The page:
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The Canadian Medical Hall of Fame will induct six new scientists including Ronald Worton and Adolfo de Bold who have both worked in close collaboration with the University Of Ottawa.

Worton and de Bold will join the ranks of 101 current laureates in the Canadian Medical Hall of Fame for their exceptional contributions to medicine.

“Every award is important to me in a different way, but this is certainly the most important Canadian one,” Worton said.

“It is an honour, because it arises from recommendation of people who know you well,” said de Bold.

Worton is a professor at the U of O in the department of medicine. In 1987, Worton and his team were the first to discover the causal gene for Duchenne and Becker muscular dystrophy. The two diseases were previously thought to be different, but after careful analysis of the genes responsible for these diseases, Worton realized the same gene causes them.

Duchenne muscular dystrophy (DMD) is more severe than Becker. According to the Duchenne Muscular Dystrophy Research Fund, DMD is the most common lethal genetic disease in children worldwide. It is a progressive weakening of all the muscles in the body, including the heart, and it is 100 per cent fatal. Without treatment, affected children die between the ages of 14 and 18.

Worton said he knew how significant his discovery was going to be. While there is still no treatment for the genetic disease, his breakthrough gave pregnant and at-risk women the possibility, for the first time ever, to go through pre-natal testing to determine if their child will suffer from the illness and act in consequence.

Worton has received numerous awards including the Order of Canada. He was also the first chief operating officer and scientific director at the Ottawa Hospital Research Institute, which thrived under his direction and became one of Canada’s top health research institutes.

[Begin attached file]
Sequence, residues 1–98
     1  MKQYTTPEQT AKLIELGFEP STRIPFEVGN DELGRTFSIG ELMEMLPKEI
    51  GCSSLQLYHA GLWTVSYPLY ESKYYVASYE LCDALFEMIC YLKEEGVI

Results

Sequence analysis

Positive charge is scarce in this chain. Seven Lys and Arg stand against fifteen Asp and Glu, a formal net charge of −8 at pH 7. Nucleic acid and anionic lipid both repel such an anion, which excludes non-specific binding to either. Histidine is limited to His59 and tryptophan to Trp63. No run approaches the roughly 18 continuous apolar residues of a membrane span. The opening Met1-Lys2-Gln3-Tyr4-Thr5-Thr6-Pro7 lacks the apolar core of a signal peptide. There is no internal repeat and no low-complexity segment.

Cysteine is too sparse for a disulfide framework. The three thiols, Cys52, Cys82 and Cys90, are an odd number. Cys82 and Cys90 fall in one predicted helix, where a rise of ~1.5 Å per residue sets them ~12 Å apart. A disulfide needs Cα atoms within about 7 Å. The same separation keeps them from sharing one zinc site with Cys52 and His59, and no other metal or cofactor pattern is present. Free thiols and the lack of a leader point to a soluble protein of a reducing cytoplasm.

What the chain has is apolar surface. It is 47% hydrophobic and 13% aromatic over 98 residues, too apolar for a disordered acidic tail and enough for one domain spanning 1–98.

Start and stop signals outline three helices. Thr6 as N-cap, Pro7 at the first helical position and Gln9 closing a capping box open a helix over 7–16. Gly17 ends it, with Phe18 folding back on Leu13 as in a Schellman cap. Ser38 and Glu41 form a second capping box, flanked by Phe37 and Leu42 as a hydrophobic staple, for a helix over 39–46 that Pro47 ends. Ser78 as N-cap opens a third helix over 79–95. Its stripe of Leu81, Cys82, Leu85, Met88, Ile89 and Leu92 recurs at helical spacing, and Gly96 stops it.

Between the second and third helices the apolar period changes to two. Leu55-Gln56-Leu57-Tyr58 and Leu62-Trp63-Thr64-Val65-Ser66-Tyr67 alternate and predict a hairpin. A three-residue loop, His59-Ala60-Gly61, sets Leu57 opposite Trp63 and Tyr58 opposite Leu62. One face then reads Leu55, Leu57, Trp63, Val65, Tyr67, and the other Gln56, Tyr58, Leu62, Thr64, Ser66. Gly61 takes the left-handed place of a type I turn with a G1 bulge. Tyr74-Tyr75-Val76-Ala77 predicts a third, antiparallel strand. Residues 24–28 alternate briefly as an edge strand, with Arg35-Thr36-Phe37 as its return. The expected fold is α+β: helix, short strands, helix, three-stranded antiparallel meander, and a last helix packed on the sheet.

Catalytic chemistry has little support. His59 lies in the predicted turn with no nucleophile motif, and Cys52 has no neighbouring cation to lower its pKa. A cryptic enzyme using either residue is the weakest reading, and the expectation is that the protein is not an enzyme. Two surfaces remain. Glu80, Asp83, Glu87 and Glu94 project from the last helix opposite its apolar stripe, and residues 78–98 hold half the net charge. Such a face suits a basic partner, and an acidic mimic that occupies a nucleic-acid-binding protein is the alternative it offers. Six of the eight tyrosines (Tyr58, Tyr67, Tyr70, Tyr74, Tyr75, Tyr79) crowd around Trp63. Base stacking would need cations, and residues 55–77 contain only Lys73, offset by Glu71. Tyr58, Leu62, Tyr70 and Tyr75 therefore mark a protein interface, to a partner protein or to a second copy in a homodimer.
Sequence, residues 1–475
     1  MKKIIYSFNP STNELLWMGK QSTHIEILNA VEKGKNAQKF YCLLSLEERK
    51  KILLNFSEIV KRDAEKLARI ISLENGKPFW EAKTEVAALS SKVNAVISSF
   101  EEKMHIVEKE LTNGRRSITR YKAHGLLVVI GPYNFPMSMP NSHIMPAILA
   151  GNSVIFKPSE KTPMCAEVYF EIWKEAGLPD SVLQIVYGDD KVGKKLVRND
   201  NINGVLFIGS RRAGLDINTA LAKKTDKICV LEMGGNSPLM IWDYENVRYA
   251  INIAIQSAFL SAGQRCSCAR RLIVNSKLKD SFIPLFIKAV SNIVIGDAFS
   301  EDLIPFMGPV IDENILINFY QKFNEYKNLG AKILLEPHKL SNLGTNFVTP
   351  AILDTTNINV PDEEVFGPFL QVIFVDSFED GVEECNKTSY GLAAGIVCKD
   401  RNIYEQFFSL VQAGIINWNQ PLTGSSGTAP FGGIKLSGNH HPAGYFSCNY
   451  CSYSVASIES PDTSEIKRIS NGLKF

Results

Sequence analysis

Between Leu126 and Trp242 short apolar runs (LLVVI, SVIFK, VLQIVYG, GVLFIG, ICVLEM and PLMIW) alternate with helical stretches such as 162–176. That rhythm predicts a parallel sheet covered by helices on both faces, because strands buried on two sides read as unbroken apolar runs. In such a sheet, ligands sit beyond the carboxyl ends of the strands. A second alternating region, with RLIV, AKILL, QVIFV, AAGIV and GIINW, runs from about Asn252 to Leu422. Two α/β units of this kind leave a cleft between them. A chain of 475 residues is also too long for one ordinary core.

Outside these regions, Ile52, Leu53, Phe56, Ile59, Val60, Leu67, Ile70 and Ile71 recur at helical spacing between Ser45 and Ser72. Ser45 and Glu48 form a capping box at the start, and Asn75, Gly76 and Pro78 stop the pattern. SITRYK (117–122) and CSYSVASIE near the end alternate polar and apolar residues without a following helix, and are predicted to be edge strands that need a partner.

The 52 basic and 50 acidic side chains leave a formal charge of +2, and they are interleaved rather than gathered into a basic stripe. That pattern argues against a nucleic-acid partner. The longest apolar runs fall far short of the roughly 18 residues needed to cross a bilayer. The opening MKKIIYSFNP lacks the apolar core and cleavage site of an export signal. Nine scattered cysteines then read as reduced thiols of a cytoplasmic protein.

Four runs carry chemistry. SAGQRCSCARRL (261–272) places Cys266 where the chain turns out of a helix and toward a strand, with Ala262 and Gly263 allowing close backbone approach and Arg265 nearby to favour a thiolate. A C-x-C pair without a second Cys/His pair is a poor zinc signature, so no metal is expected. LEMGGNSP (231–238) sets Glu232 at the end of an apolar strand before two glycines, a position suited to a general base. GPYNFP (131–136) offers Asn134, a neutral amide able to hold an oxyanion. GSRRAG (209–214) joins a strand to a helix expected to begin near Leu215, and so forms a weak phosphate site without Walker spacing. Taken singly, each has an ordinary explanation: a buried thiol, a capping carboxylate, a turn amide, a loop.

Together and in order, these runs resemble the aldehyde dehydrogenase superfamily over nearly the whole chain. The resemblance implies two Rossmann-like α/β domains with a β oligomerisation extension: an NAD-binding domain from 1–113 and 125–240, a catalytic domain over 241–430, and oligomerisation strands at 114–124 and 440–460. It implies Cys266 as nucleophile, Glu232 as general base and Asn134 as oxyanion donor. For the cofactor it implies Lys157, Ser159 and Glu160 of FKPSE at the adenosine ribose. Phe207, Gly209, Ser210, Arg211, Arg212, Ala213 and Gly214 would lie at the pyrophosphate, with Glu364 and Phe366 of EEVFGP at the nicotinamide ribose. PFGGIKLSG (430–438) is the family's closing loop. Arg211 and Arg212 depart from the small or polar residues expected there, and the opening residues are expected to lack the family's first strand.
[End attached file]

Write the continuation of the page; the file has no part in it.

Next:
De Bold is the inaugural director of the University of Ottawa Heart Institute and was the doctor responsible for the discovery of the cardiac hormone atrial natriuretic factor (ANF) in 1981, which revolutionized science’s understanding of the heart.

“It establishes the heart as an endocrine organ that produces hormones,” he said. “This is a paradigm shift from centuries of considering the heart a mere mechanical pump.”

De Bold said this is particularly meaningful because the ANF and brain natriuretic peptide have important diagnostic and therapeutic uses.

While there are now about 20,000 studies on this subject, he said he had trouble having his research recognized at first.

“Like many new paradigms, the ANF discovery was not accepted very readily by scientists or accepted by prestigious journals for publication,” de Bold said.

After the experiment was repeated and validated, he received several awards and distinctions.

The induction ceremony will take place  in Kingston, Ont. on April 24, 2014.